I work with a guy who in not so many words, can be volatile. Brilliant analyst, makes a ton of money for the fund, but can erupt faster than Eyjafjallajökull (the only thing more famous than Bjork in Iceland). Every morning without fail, he comes in like the TGV on crack and starts beating on his keyboard and shouting at the computer to log-in faster. The market opens and the F-bombs are dropping faster than a Dr. Dre beat as his positions aren’t behaving as he expected...cue IT:
"I'm having trouble with my computer screen, can someone help?" Ermmmm...in any event, there are lessons here. First, wear the appropriate safety equipment when working, especially protective eyewear and gloves. Second, never get emotional about stocks, it clouds your judgement. Those words should resonate with you and form one of many bricks in the foundation of any trading style. It's also one of the most famous lines in one of the greatest movies of all time. No, not "Bill and Ted's Excellent Adventure" (although some would argue Keanu Reeves' performance was Oscar worthy http://www.imdb.com/title/tt0096928/). It's "Wall Street", one of the greatest movies ever made and the bible for any aspiring trader, broker or finance professional.
Yes, "Wolf of Wall Street" was fantastic, but I'll stick with old skool Douglas and Sheen over DiCaprio (I can hear the global Jihad declared against me by every woman on the planet). "Wall Street" is a must watch for anyone who craves O.G. Wall Street (Original Gangsta for
all you born after 1990). Anyhow, I digress. I refer back to my esteemed colleague who did a Tony Soprano on his PC and how emotional he gets while trading. Stocks move against him, he thinks he is bigger than the market, gets angry and over-emotional and doubles up on positions. What happens next is not hard to figure out; the losses get bigger, his face gets redder, creating more work for the IT department and sometimes the telephone repair team. Emotional responses or said another way, trading with your heart and not your head, will always over time compound the losses. In life, not just trading, it's all about discipline. A great team (work, sport, etc) is not just made up of Oxbridge grads with a First in Economics or Physics, but also your street savvy, gutsy gun slingers who aren't afraid to take risk and who also have a discipline about what they do and how they behave when things go wrong. For me, it's not about how people react when things are going good; anyone can trade around the winners. It's how you behave when the "ol' proverbial" hits the fan, that's what I am interested in. Remember that the next time you encounter a situation when a decision has to be made under difficult circumstances; are you thinking with your head? What is the smart thing to do? Did you even step up or did you let someone else stand in the firing line? It's not just about how much money you make, but also how much you didn’t lose which unfortunately is lost in the performance stats. No one at my place of employment will recognise nor is it quantified exactly how much money I SAVE the fund for doing my job.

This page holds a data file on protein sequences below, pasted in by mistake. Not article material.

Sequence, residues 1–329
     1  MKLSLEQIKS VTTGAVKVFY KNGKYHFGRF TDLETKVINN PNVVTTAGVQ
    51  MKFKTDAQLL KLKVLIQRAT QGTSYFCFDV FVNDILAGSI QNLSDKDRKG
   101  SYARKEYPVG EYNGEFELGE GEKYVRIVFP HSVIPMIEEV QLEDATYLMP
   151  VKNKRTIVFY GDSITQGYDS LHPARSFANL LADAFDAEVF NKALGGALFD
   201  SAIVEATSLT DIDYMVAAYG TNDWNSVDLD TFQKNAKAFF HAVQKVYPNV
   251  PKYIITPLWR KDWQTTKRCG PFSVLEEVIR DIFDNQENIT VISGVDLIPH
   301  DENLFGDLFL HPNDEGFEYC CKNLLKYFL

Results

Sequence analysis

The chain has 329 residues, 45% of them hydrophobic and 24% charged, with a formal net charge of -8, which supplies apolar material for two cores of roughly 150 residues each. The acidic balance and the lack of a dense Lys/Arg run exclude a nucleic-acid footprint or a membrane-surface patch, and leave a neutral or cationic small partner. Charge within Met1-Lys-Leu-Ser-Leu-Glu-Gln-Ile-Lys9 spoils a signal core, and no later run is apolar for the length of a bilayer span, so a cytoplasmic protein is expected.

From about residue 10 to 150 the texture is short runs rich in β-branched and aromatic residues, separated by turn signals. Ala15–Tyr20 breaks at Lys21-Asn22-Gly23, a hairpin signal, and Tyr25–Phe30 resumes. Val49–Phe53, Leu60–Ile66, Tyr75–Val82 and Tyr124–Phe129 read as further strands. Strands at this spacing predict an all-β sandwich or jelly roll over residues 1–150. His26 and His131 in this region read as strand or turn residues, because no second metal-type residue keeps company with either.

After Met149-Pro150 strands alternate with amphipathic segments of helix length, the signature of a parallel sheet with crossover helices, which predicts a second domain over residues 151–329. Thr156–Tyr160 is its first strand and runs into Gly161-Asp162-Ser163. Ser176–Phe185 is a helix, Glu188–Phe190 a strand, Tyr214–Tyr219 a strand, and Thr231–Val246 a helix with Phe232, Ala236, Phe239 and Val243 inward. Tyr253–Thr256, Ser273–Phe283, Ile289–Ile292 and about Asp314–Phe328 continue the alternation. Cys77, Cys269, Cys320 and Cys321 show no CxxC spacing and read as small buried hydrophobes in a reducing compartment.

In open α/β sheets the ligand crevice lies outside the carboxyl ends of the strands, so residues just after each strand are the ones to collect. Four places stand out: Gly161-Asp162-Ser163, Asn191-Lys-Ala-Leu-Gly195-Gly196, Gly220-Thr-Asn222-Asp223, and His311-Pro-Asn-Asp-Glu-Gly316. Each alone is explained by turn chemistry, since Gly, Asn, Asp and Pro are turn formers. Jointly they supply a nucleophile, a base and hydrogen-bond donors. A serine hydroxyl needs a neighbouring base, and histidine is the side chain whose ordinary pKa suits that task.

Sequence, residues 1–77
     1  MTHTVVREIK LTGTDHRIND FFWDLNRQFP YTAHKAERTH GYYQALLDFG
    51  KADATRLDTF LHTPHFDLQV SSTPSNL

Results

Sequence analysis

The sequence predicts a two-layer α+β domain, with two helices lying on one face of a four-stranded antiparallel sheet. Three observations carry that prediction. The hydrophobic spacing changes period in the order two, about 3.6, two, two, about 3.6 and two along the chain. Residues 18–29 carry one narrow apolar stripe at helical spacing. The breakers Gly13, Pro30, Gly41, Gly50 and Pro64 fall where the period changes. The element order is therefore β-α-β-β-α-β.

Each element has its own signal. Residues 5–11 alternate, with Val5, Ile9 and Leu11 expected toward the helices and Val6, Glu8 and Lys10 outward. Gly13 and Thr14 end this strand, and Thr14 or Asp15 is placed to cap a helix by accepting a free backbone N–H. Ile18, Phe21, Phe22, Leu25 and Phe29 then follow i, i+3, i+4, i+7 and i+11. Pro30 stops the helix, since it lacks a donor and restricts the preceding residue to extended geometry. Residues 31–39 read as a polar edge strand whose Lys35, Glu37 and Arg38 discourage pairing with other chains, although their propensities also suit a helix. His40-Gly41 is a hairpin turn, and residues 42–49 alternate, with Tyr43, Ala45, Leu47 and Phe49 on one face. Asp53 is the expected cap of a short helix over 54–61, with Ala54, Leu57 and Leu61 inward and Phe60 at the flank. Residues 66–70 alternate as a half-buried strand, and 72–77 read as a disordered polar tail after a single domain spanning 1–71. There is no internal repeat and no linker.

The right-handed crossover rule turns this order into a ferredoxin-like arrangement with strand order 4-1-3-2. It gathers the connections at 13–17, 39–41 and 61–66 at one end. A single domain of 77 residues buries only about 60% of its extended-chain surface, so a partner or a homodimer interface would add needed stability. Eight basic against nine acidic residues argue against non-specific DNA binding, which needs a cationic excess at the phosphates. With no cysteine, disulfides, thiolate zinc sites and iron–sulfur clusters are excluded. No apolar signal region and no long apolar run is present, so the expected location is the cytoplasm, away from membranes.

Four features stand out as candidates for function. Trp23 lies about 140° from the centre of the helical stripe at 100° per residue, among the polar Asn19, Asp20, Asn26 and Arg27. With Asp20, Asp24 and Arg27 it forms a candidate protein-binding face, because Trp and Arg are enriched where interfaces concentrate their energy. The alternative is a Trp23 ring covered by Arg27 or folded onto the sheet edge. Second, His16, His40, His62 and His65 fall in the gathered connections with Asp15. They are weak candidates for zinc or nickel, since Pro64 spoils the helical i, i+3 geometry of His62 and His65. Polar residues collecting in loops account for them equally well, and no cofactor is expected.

But does that stop me from doing my job? Absolutely not!
If you can take anything away from my ramblings about old crusty-ass actors and the merits of our fine IT department, I would ask that you remember to have discipline and leave the emotions at home in everything you do. I guarantee over the long run, you will be livin' large on Wall Street instead of redecorating your high rise cardboard box on Benefits Street.